In the time he has left over from tracking down designer hand lotion, Scott Pruitt has been busy unraveling important environmental protections as fundamental as clean air and water standards. He’s even been turning back the clocks on asbestos policy.

Linda Reinstein, co-founder, Asbestos Disease Awareness Organization

Scott Pruitt, Administrator of the Environmental Protection Agency (EPA), is a staple of news coverage these days. It seems every week a new scandal about his questionable use of government resources hits the headlines: having staffers pursue a Chick-Fil-A franchise for his wife, private and first-class travel at taxpayers’ expense, $1,500 pens — the list goes on… and on, and on.

But while the media is busy reporting on the absurdities of Pruitt’s corruption, it is causing a smokescreen of sorts for the truly destructive actions Pruitt’s EPA is taking.

In the time he has left over from tracking down designer hand lotion, Pruitt has been busy unraveling important environmental protections as fundamental as clean air and water standards.

He’s even been turning back the clocks on asbestos policy.

Asbestos has been branded a carcinogen for decades, but until 2016 the EPA didn’t have the power to ban it in America. They tried once, in 1989, but because of weak chemical regulation policy, the ban was easily overturned on appeal.

“Life and death decisions shouldn’t be left to a corrupt puppet. We need a Congress that will stand up to Pruitt and, when necessary, take the reins on protecting the public.”

Each year, 15,000 Americans are dying from preventable asbestos-caused diseases, yet imports and use continue. In 2016, Congress came together in an (increasingly astonishing) act of bipartisanship and rewrote the chemical regulations law — the Toxic Substances Control Act or TSCA — to give the EPA more regulatory power.

When signing the law, President Barack Obama specifically pointed to asbestos and the failed ban as the typified cause for reform. Advocates, lawmakers, and EPA staff themselves thought an asbestos ban was a foregone conclusion.

And then came Donald Trump.

Trump has a long-standing and well-documented love for asbestos as witnessed in his 2005 Senate testimony that ”asbestos is 100% safe”. For many years it was the darling of real estate developers thanks to its near indestructibility and powerful fireproofing properties.

Trump has been adamantly against a ban, especially one that would address asbestos already present in existing structures. This is not surprising, as it would cost the president billions to abate the asbestos lingering in his own countless properties.

Now Pruitt, Trump’s puppet leading the EPA, is preventing the ban that TSCA promised. He recently announced that the agency would not evaluate the safety risk of million-plus tons of asbestos already in our homes, schools, workplaces and environment — meaning that any forthcoming rule on asbestos will not address the biggest current exposure risk.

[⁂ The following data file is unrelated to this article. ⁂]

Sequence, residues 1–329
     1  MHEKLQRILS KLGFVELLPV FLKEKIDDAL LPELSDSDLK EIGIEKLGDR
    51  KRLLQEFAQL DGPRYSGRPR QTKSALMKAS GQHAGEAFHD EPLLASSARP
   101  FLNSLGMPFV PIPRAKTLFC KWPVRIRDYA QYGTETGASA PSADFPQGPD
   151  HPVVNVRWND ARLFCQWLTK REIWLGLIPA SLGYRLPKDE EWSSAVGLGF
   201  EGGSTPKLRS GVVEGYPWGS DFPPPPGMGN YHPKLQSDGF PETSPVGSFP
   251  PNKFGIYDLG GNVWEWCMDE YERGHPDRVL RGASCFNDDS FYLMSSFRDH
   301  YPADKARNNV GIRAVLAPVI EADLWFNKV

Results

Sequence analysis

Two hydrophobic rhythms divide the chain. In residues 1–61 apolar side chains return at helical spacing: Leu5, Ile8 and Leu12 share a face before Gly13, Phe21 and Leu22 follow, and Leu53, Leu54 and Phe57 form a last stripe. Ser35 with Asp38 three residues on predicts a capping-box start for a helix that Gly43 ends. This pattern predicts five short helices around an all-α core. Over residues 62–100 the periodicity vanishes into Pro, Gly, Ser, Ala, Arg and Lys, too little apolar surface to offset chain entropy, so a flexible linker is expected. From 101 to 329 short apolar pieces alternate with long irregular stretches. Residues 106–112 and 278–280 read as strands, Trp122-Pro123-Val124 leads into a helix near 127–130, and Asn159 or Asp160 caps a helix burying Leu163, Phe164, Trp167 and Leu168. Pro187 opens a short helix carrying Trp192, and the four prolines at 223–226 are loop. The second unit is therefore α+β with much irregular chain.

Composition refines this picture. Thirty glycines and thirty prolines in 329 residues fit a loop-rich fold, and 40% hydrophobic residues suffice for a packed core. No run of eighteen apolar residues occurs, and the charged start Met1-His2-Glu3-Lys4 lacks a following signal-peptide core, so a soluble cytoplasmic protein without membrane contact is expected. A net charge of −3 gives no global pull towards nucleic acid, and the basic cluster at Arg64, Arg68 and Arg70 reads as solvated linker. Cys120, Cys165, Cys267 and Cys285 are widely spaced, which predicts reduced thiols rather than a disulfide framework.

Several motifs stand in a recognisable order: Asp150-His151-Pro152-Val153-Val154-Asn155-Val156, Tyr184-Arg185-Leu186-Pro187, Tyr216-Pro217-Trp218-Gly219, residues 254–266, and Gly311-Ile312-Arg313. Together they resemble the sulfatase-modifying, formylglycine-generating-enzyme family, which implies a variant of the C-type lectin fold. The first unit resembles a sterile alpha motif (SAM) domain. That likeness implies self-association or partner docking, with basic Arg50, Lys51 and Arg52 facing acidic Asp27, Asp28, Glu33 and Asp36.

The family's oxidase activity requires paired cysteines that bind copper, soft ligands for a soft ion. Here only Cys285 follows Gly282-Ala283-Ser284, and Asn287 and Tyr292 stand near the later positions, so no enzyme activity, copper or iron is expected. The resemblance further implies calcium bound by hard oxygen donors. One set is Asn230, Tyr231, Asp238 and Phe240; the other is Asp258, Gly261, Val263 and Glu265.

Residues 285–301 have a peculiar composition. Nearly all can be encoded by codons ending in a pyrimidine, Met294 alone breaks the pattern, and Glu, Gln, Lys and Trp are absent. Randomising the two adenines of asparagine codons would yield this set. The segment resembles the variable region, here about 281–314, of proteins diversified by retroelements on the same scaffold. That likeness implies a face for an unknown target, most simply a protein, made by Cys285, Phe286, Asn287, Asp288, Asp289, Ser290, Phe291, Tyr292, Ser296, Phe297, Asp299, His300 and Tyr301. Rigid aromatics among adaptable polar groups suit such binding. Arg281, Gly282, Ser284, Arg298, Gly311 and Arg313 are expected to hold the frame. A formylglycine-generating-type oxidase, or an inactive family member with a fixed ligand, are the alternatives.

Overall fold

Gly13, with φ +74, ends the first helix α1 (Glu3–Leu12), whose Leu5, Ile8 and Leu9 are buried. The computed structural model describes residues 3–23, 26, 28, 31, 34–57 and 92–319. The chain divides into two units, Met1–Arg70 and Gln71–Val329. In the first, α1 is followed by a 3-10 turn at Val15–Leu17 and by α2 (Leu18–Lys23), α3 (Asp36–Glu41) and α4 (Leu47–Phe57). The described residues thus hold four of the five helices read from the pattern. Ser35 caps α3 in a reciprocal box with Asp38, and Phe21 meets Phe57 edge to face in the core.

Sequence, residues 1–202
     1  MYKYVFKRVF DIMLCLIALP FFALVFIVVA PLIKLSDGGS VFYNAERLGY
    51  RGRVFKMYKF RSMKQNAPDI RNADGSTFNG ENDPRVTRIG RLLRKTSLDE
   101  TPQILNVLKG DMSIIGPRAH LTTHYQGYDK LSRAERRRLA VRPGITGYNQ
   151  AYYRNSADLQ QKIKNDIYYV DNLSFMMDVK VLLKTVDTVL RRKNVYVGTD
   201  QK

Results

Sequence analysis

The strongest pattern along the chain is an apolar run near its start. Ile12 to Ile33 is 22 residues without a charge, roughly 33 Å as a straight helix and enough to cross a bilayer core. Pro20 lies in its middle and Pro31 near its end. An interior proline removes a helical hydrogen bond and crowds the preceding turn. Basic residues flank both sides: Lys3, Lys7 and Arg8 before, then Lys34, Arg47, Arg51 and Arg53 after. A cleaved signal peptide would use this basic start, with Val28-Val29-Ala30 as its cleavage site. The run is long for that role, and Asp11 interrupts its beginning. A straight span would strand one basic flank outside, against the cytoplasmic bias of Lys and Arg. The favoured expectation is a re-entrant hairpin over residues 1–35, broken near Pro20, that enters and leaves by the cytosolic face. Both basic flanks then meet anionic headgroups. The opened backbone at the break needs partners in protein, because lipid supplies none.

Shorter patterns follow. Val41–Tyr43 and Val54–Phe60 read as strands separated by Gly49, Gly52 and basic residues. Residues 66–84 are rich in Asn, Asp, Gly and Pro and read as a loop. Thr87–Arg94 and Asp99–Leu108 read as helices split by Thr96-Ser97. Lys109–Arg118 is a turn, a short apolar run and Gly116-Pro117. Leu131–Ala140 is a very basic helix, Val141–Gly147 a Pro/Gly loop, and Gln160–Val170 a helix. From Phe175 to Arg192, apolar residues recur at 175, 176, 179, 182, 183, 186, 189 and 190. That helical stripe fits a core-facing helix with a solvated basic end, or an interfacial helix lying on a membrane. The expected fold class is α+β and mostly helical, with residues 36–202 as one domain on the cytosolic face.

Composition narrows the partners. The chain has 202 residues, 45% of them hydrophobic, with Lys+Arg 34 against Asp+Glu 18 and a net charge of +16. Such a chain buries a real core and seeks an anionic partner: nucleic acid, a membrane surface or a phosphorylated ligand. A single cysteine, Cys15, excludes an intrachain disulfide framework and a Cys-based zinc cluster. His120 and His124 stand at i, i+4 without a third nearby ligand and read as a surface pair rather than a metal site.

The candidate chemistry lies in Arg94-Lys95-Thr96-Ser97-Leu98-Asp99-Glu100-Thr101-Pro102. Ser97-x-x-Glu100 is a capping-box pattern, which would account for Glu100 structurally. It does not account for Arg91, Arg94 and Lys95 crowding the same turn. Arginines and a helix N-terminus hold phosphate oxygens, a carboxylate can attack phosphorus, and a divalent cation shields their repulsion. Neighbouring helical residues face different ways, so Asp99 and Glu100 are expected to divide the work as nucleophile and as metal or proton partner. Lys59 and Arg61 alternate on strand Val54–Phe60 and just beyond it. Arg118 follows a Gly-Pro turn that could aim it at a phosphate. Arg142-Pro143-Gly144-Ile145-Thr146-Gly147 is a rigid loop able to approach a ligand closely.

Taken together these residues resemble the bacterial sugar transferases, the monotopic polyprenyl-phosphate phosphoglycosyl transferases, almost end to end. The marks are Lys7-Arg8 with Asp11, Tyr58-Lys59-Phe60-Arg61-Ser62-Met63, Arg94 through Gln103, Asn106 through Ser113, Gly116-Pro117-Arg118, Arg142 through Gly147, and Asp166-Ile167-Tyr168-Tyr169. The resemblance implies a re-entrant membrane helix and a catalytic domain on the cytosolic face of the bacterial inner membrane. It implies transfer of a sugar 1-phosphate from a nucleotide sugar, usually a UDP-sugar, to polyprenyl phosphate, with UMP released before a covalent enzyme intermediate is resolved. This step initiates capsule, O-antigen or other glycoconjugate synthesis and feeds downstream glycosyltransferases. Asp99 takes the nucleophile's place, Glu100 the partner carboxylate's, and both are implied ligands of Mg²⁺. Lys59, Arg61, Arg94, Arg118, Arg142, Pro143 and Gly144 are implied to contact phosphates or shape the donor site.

The only regulation Pruitt’s EPA will implement around asbestos is a restriction on new uses of asbestos. But in addition to ignoring the looming dangers of the asbestos already in our environments, this provision is nothing but a veil to distract from the true inaction around asbestos.

Since its peak in the 1970s, asbestos has progressively become so unpopular that only one industry — a division of the chemical industry that makes chlorine — continues to use it in the U.S., and not because it is illegal, expensive, or difficult to obtain. It is none of those things.

They have stopped using it because the health risks were so great — as was the liability. Too many workers were sickened or killed, and any manufacturer with half a conscious switched to safer substitutes long ago.

When it comes to ending the deadly asbestos trade in America, nothing short of an exemption-free ban on imports will suffice. There is a bill currently live in the Senate that offers just that, but with the intractable partisan contention, a bill will almost certainly never come to a vote.

We as voters hold essentially no sway over appointed agency heads like Scott Pruitt, so it is very difficult to hold them accountable to acting in our best interest. We do, though, have a much stronger sway over the legislature, and they provide us an indirect but important check over the cabinet.

This November, we have the chance to wield that sway by voting for the men and women who will represent our interests in Congress. The reasons to show up for this midterm election are many — pick your cause: women’s rights, religious discrimination, global turmoil, you name it. Add asbestos to the list.

Life and death decisions shouldn’t be left to a corrupt puppet. We need a Congress that will stand up to Pruitt and, when necessary, take the reins on protecting the public.

Help us get the message to Pruitt and the EPA that the time in NOW to ban asbestos without any loopholes or exemptions and to keep the American public safe by signing our petition to the EPA.

Enough.

Source: Asbestos Disease Awareness Organization